WASHINGTON • US President Donald Trump and newly empowered congressional Democrats appeared to be on a collision course over the release of the President's tax returns, as a top Democrat signalled he would demand the information under federal law and Mr Trump insisted he would attempt to block any release.
Representative Richard Neal, a Massachusetts Democrat, slated to become the chairman of the tax-writing House Ways and Means Committee, plans to insist Mr Trump voluntarily release his tax returns, he said in an interview.
If Mr Trump does not, then Mr Neal will file a legal request with the Treasury Secretary that would require the returns be disclosed to a small group of people on Capitol Hill. He predicted the matter would end up in federal court.
At a news conference on Wednesday, Mr Trump said his tax returns were already under audit and therefore he would not release them.
He said he might consider releasing them at a later date, something he has said since at least 2016. "Nobody turns over a (tax) return when it's under audit," Mr Trump said during a news conference.
Later, though, he acknowledged the audit would not prevent the release of his tax returns. "I didn't say it prevented me, I said lawyers will tell you not to do it," he said.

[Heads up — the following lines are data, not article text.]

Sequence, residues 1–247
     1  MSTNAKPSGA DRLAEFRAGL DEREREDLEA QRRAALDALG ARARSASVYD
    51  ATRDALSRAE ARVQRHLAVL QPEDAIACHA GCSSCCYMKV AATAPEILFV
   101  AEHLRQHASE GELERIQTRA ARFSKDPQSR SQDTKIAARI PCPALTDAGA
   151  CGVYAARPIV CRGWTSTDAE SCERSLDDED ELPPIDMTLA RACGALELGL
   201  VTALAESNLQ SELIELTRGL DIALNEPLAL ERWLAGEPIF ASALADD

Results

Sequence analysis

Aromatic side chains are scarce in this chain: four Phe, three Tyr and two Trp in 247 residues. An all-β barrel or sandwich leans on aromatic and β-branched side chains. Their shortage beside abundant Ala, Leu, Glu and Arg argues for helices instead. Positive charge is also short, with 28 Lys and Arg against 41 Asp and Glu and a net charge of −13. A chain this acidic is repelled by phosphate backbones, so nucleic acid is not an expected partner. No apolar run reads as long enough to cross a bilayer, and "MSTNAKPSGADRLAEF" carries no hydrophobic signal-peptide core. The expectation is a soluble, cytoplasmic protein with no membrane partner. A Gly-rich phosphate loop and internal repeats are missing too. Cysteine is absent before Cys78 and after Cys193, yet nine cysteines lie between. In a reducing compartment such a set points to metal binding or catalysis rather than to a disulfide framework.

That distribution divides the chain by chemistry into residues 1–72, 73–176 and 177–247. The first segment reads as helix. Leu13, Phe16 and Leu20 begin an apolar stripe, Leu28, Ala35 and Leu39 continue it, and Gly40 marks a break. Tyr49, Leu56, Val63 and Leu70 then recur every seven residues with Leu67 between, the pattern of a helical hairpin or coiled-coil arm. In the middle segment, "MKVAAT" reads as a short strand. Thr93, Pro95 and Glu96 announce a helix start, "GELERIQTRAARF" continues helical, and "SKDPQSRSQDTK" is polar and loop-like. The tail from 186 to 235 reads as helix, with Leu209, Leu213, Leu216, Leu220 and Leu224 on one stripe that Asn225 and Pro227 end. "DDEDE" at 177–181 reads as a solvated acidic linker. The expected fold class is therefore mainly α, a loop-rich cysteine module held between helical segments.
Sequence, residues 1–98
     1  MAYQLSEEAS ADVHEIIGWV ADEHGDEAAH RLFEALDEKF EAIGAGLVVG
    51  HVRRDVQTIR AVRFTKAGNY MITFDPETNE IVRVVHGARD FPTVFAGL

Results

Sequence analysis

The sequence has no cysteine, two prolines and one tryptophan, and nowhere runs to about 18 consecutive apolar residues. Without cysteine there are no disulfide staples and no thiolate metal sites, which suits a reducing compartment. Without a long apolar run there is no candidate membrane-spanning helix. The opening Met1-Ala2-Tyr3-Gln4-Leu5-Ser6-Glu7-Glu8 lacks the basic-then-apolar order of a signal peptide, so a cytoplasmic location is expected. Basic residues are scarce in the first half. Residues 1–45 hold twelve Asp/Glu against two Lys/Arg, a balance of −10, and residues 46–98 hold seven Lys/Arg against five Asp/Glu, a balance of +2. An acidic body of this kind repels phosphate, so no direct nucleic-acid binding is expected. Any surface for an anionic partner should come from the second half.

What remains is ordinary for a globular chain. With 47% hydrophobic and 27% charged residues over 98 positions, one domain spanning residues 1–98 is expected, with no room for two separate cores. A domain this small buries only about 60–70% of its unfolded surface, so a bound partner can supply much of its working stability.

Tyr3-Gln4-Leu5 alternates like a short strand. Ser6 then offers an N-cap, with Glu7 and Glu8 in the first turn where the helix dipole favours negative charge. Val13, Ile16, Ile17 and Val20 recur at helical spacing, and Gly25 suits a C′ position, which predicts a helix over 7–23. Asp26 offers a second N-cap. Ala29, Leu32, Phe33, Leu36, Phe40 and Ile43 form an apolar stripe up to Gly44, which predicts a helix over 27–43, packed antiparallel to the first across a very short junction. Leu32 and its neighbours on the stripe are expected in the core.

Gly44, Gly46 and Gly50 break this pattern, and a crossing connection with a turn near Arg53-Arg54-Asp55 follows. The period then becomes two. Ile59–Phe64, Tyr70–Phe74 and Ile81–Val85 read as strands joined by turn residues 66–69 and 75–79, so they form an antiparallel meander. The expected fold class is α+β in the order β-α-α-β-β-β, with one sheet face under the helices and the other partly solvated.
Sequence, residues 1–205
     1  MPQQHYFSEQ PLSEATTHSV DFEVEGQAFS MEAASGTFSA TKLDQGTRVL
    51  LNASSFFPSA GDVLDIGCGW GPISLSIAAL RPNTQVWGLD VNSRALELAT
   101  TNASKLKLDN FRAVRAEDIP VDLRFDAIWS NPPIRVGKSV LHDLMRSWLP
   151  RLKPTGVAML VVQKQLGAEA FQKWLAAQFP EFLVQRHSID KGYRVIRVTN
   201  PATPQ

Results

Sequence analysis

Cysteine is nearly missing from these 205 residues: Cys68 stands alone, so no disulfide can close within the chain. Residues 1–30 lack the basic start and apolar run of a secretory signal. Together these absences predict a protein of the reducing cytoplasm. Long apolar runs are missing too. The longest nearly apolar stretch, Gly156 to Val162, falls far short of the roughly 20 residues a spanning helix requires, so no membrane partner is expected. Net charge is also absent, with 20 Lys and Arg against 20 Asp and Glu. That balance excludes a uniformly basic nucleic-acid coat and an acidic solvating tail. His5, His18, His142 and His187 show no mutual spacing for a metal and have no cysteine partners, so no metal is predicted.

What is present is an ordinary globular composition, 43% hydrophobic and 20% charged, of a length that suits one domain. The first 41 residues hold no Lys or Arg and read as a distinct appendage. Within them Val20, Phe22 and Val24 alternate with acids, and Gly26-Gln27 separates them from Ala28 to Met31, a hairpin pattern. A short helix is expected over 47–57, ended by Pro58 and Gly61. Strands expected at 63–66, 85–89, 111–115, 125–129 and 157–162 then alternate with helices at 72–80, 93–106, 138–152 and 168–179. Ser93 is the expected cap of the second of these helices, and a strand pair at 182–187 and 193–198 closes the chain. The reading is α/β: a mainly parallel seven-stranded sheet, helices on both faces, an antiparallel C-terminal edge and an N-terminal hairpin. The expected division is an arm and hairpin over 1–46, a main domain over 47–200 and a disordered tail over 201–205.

Democrats have said they want to scrutinise Mr Trump's tax returns to see if he has any conflicts of interest.
The inquiry could potentially tie to a broader investigation into any connection between Mr Trump's presidential campaign and Russian involvement in the 2016 election - a charge the President has repeatedly and vehemently denied.
Mr Neal said there was a longstanding precedent of presidents and presidential candidates releasing their tax returns. But he acknowledged the Treasury Department might not quickly provide the information, setting up a legal fight.
"I assume that there would be some sort of a court case, but we'd have to wait and see," he said.
He said he would defer to staff on the Joint Committee on Taxation in Congress to determine what information might be requested and who would have access to it.
If Democrats demand the returns and Mr Trump refuses to release them, it could set off a series of legal challenges, with federal judges being asked to adjudicate the limits of the President's power.
If Mr Neal makes a formal request, it would go to Treasury Secretary Steven Mnuchin. Federal law stipulates that Mr Mnuchin "shall" turn over the tax returns, and does not appear to give the White House the power to intervene.
Mr Trump's main reason for saying he would not allow the tax returns to be released is because "people don't understand tax returns".
But Mr Neal dismissed that justification.